Please Note: This Article is 6 years old. This increases the likelihood that some or all of it's content is now outdated.

2015 hasn’t been kind to retailers. True, a few have done very well and are continuing to do so, but most have not. Most, including major supermarkets, are struggling to survive. Generally, honourable, they may pay rents on time which is why landlords don’t have the whole picture, but that doesn’t mean the tenants aren’t in difficulties.

For rent and other payments under the lease, retailers have to make enough profit out of the difference between the total cost to the retailer to buy stock and for how much they can then sell that stock to customers.

Profit margins vary, supermarkets for example, operate on very low margins, but higher margins do not necessarily translate into higher profits: the determining factor is rate of stock turn.  How quickly a retailer can turnover stock depends upon the retailer’s stock selection and consumer demand.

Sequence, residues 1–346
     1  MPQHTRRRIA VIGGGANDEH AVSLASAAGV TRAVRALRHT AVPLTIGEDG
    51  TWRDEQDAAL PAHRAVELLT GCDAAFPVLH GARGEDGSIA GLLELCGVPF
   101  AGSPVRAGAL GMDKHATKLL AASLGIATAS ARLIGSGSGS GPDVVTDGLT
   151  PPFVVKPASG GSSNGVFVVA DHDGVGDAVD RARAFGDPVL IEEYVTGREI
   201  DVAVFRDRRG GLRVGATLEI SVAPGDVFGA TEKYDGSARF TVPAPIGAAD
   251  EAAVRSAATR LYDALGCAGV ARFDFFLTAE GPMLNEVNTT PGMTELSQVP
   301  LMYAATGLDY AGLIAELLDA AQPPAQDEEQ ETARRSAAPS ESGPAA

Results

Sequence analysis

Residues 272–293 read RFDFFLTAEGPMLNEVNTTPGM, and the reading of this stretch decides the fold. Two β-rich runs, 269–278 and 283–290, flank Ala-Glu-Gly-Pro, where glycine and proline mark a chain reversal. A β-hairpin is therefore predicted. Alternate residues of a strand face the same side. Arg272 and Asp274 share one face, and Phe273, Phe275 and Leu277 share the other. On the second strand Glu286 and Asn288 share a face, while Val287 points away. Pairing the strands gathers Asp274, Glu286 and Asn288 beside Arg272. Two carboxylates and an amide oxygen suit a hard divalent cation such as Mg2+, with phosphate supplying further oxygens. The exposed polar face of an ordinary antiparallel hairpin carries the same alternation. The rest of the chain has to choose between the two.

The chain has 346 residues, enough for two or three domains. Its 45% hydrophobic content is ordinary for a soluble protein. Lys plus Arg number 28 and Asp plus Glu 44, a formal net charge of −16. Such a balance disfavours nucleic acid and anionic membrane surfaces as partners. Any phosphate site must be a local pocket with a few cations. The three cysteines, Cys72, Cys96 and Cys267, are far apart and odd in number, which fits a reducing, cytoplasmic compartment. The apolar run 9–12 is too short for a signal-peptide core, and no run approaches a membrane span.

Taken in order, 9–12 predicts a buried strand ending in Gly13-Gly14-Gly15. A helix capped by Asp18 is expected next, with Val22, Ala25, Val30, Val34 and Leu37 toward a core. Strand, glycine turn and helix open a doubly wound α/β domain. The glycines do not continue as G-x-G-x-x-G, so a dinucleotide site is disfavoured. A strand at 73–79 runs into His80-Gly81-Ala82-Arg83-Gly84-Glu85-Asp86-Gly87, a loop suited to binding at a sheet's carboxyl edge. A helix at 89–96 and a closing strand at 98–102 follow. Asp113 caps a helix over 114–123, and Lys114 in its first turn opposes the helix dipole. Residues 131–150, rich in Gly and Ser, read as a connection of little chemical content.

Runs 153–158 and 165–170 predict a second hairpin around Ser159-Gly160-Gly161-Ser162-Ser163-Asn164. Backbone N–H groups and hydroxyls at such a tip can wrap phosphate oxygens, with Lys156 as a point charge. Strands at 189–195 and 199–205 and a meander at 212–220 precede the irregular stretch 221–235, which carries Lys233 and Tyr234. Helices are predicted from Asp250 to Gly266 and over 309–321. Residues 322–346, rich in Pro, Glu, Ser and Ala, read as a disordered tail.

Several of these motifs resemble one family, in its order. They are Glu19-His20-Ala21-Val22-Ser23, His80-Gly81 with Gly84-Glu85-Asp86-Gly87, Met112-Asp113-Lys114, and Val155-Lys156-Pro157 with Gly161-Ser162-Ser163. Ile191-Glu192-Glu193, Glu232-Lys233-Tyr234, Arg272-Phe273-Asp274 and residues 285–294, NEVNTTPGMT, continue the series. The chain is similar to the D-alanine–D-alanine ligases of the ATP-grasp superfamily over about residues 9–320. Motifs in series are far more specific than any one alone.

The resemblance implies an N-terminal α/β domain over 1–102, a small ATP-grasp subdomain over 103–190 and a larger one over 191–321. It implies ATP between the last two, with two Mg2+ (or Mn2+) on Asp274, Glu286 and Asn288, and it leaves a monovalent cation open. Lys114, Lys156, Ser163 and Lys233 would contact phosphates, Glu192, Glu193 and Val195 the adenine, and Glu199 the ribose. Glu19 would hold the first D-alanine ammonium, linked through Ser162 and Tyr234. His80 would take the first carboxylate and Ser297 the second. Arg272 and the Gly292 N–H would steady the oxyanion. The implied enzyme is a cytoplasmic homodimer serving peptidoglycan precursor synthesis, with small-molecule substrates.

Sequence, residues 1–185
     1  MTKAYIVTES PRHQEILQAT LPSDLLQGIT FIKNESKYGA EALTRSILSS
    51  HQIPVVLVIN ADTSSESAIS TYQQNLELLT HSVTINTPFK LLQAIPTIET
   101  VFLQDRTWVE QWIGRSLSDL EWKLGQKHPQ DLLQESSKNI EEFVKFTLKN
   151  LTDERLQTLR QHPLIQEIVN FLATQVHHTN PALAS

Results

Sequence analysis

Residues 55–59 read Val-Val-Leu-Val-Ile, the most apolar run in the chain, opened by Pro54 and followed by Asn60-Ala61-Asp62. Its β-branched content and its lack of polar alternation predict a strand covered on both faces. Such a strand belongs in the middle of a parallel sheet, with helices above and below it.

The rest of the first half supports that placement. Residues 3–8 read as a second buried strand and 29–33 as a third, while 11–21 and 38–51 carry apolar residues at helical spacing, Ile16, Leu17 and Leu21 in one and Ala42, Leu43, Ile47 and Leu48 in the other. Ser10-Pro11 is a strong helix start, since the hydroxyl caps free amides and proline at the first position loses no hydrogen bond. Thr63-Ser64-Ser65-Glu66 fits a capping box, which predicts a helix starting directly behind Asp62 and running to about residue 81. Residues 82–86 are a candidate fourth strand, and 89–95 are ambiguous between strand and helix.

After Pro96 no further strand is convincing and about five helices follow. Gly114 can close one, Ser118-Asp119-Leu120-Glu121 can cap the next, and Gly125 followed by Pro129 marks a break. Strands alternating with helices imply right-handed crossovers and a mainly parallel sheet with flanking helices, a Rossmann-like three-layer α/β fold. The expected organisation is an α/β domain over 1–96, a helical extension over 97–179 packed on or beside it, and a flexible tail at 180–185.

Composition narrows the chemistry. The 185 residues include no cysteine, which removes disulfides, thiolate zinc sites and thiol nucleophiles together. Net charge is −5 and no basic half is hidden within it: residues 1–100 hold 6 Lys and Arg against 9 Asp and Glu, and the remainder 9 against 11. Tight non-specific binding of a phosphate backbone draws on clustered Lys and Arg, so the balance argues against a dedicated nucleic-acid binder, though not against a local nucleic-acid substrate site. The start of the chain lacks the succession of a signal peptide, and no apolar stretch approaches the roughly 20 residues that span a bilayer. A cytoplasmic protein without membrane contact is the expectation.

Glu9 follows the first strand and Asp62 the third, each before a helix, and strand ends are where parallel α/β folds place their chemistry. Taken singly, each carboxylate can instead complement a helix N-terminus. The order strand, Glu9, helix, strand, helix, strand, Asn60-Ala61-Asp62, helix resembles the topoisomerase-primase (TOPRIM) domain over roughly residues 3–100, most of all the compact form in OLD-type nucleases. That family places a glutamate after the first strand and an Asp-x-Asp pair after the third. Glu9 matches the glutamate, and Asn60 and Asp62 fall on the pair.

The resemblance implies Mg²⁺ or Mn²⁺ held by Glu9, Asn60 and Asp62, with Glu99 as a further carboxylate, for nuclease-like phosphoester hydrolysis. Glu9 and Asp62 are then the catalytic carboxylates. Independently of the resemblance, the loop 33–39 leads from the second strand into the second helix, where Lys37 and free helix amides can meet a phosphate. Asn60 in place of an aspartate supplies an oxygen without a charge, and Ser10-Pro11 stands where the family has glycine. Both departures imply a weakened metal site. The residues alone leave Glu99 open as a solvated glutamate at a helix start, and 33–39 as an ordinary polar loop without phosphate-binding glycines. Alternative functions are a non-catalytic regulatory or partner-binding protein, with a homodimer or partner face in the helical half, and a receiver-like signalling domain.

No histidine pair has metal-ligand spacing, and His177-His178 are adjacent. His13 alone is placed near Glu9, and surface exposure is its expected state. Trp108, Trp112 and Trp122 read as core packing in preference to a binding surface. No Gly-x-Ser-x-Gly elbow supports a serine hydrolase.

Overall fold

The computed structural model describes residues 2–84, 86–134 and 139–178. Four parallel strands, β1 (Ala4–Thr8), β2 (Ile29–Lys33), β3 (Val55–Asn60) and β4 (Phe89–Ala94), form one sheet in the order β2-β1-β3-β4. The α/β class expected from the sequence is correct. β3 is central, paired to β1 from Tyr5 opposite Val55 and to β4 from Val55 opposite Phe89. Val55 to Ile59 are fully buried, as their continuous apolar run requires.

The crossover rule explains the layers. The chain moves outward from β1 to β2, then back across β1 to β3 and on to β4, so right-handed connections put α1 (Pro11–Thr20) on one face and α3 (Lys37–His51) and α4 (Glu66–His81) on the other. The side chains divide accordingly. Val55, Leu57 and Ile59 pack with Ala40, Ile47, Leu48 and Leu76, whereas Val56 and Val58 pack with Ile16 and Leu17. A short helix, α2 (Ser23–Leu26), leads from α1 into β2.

To differentiate themselves from others, each retailer has its corporate image. Corporate image embodies everything the business stands for in relation to the market for the type of products and services the business offers. All businesses expend time and effort on building and maintaining presence. The idea is to attract enough customers to support and sustain the on-going development of the business.

An entrepreneurial paradise, retailing is intensely competitive. Competing for attention, more importantly how to succeed, is both an art and a science. The basics are reasonably straightforward, but not all businesses have what it takes to get off the ground and stay there, which is why the average life-expectancy of a new business is 3 years.

Even amongst those that manage to overcome the hurdles, long-term survival rates before crashing are not impressive. Those that do succeed in making a go of it are relatively few, not necessarily because they’re any better, often it’s that they’re not as bad.